Anthony: Yeah. Jann would do a 10,000 word interview with Pete Townshend. I can still quote from that piece. That’s what I wanted to read. That made a big, big impact on me. Fusion was a good magazine. I actually sent them some stuff when I was 17. I sent them a review of Beck-ola, the second album by the Jeff Beck Group. I got a letter back from an editor saying, “I already assigned this to someone, but please send us more record reviews.” I just thought that was the kind of thing he must say to everyone, so I never sent anything else to him.
Steven: You touched on this already, but what other rock writers did you like and which ones might have influenced your writing? I know Lester Bangs surely did not.
Anthony: Yeah. Lester was the counter influence–what not to be. But John Mendelssohn, who I later had a bit of a falling out with when I was atRolling Stone, was a guy whose writing I liked a great deal.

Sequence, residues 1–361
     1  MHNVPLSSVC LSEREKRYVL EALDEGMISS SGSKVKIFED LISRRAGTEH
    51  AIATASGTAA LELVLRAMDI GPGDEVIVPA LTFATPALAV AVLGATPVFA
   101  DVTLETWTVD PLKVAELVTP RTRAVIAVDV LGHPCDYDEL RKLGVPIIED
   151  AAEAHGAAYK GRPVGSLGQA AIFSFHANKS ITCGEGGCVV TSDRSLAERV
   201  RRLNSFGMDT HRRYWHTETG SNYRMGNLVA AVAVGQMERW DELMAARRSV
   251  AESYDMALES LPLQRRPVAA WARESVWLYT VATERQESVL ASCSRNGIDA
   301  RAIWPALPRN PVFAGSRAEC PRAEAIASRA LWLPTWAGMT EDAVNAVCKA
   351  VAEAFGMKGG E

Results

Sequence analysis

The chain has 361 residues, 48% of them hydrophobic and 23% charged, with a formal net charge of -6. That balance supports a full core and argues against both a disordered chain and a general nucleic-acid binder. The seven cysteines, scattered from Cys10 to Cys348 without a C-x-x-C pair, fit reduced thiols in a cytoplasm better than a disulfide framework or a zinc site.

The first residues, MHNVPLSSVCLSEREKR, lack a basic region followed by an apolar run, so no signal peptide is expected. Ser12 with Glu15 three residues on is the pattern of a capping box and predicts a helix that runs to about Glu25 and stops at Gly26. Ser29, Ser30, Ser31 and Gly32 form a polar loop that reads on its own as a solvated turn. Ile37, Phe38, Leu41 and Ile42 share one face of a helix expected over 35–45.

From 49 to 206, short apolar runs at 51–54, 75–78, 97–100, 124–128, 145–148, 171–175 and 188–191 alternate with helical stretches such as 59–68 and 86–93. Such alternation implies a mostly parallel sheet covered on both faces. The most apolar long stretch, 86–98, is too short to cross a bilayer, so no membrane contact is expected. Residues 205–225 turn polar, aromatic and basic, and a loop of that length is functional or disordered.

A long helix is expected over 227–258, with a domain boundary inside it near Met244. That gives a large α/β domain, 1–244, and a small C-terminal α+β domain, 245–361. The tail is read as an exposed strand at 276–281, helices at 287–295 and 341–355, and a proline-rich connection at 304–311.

Steven: Really? He was sort of lumped in the Bangs/Meltzer camp
Anthony: Yeah, but he was better than either of those two I think. I also used to read Crawdaddy! Paul Williams was someone I liked. It’s funny because I can remember buying a copy of Crawdaddy! in this little record shop on Bleecker Street. It was stapled together and had a picture of Donovan on the cover–from his Sunshine Superman period. One issue had, like, a 10-million word interview with Brian Wilson. Nothing could have seemed less hip at the time. Things like The Stones and Dylan seemed dangerous and scary, but–Jesus Christ!–Brian Wilson? How could he be taken seriously? But how prescient that was. That was the first piece I ever read that took the Beach Boys seriously. Paul really understood what was happening with that. As for other writers who influenced me, I should also mention John Rockwell and Robert Palmer, who was a friend and my absolute favorite music writer.